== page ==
When done regularly, 30 minutes or more of vigorous exercise has been shown to improve the symptoms of depression. In one study, patients who worked out regularly on a treadmill or stationary bike for 12 weeks saw the severity of their symptoms reduced by nearly 50%.
Exercise has short-term benefits too: Other research has found that workouts can boost your mood for up to 12 hours.
Feeling stressed and overwhelmed is a common trigger for depression symptoms. If you're struggling with depression, it's important not to overschedule your time and take on more than you can manage. If you have complicated tasks to perform at work or at home, break them up into manageable pieces.
And remember: It's OK to slow down a bit.
"Maybe you can't work at 100% capacity," Dr. Raskin says. "Maybe you can work at only 75% capacity. Still, that's an accomplishment." But, he adds, "if you really can't function, you have to be compassionate with yourself. You deserve a break - take a sick day, whatever you need."
Depression and a lack of sleep often go hand-in-hand. Sleep problems such as insomnia are common in depression, and for many people a lack of sleep depresses mood.
This isn't true for everybody, however. Though the effect tends to be short-lived, sleep deprivation actually boosts mood in some people with depression. It can also trigger mania in people with bipolar disorder.
Much remains unknown about the connection between depression and sleep, and everyone has different sleep needs. But experts recommend that depressed people get enough sleep and maintain a regular sleep-wake schedule.
Although it can be tempting to drink or use drugs, don't do it.
Substance use and abuse can wreak havoc in people with depression. People who suffer from depression and anxiety often turn to alcohol and drugs to relieve their symptoms, but that strategy tends to be harmful in the long run.
Drinking and drug use affect brain chemistry, and they can cause problems in relationships, work, and other aspects of life. (They can also be dangerous when combined with some antidepressants.) Although the occasional glass of wine probably won't hurt you, people with depression should limit their alcohol consumption, and, of course, say no to drugs.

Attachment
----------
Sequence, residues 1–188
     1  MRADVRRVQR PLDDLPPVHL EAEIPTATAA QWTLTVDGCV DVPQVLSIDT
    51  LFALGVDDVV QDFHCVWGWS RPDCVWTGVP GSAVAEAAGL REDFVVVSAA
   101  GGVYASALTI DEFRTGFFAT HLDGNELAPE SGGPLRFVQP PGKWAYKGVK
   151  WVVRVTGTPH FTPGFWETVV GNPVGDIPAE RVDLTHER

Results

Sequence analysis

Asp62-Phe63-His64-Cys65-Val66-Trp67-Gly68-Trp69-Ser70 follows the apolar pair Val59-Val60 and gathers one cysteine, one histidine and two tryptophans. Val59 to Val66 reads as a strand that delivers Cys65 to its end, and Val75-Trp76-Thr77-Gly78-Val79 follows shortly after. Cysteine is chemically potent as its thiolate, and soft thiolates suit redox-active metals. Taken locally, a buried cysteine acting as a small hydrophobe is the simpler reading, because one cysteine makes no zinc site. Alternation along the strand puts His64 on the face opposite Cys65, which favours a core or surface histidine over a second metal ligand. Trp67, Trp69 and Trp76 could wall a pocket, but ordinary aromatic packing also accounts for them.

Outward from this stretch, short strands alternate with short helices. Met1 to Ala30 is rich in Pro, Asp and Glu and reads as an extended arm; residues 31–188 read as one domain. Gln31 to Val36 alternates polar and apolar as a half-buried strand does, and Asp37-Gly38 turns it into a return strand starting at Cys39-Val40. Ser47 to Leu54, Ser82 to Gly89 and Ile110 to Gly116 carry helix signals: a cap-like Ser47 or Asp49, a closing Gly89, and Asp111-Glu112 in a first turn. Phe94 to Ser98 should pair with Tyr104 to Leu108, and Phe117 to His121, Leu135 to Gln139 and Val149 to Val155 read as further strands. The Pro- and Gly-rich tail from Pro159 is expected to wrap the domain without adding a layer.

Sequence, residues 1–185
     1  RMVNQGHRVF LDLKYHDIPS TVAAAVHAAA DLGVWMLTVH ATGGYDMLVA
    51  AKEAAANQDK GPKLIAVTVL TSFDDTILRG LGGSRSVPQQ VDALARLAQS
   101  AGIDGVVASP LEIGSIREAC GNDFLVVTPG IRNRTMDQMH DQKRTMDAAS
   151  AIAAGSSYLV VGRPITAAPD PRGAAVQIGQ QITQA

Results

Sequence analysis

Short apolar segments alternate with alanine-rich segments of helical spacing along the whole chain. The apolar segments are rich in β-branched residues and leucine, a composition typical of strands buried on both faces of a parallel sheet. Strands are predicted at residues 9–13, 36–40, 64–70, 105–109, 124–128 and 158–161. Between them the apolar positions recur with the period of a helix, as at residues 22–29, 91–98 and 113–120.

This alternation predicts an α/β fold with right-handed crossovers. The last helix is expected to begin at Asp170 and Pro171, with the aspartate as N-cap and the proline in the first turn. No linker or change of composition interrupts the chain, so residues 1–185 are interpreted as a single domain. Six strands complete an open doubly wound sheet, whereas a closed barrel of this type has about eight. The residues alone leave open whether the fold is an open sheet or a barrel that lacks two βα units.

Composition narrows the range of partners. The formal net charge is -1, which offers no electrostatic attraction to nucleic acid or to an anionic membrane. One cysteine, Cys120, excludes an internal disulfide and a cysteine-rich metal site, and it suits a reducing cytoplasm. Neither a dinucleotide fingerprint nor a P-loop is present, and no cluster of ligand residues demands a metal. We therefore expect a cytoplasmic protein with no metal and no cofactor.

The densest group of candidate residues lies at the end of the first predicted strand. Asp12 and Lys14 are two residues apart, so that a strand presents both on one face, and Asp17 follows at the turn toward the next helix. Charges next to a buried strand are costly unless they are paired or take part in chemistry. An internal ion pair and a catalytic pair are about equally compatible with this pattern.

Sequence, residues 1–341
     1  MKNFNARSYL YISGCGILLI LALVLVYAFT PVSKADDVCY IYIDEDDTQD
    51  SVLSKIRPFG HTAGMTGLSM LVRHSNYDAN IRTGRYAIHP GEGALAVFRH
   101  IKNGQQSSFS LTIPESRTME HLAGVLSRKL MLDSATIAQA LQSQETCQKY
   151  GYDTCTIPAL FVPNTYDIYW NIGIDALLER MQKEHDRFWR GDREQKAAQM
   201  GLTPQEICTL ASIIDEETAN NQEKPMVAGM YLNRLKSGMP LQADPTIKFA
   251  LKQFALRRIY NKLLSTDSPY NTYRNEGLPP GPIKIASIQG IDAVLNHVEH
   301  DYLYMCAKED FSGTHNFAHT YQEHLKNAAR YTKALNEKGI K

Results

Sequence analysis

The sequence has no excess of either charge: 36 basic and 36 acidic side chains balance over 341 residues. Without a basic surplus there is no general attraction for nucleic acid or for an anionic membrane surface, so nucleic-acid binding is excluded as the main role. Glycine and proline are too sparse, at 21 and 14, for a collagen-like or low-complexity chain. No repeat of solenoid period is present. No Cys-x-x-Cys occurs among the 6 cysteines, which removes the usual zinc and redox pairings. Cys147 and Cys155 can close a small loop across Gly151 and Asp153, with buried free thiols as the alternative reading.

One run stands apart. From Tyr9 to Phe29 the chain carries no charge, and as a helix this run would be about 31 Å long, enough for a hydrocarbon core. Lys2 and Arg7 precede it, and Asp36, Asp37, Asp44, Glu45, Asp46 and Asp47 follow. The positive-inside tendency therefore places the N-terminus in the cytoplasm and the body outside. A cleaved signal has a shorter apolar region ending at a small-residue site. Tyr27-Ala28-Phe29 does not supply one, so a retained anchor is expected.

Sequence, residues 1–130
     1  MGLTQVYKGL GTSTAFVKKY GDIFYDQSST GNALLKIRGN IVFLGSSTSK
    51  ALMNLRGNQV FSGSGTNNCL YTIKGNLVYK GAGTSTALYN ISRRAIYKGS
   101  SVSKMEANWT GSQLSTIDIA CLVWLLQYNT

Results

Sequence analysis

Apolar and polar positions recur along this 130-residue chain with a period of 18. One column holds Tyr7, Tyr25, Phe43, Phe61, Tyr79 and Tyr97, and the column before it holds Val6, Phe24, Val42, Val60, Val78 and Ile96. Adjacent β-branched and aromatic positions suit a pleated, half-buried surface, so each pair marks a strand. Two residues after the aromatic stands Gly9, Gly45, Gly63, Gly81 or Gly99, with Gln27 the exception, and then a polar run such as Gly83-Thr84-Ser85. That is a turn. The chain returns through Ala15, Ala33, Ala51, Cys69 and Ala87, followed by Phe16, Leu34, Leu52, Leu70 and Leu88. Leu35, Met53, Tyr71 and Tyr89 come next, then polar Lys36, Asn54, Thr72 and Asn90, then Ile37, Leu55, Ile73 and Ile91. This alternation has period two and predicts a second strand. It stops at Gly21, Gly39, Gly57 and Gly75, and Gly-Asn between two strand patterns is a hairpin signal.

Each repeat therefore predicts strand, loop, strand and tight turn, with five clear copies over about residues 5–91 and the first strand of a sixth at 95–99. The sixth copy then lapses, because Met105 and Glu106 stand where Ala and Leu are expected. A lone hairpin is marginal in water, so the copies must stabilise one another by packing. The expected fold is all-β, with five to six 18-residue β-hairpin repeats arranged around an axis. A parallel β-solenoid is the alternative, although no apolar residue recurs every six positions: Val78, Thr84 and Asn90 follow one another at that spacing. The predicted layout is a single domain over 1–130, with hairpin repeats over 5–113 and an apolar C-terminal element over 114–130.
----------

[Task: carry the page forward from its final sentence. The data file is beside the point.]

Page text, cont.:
If you're feeling depressed, it's tempting to let your health slide. But failing to take care of your overall health can make depression symptoms worse.
The relationship between depression and health conditions such as diabetes and heart disease is a chicken-and-egg phenomenon. Research suggests that depression can exacerbate these conditions, but the opposite also appears to be true. People who experience diabetes-related complications are more likely to be depressed, for instance, and there is also some evidence that the stresses of heart disease contribute to depression, especially following a heart attack.
Depression can affect your perceptions and judgment, so it's wise to put off big decisions about your relationships or career until you're feeling better.
"One of the symptoms of depression is having a negative outlook on many things going on in your life," says Dr. Raskin. "This alters your judgment on almost everything, and you might not be aware of it. So to the extent possible, important decisions should be delayed."
If you absolutely must make a decision, don't be impulsive. Before making the decision, Dr. Raskin suggests, consult people close to you whom you trust, such as your therapist, family, friends, or a clergy member.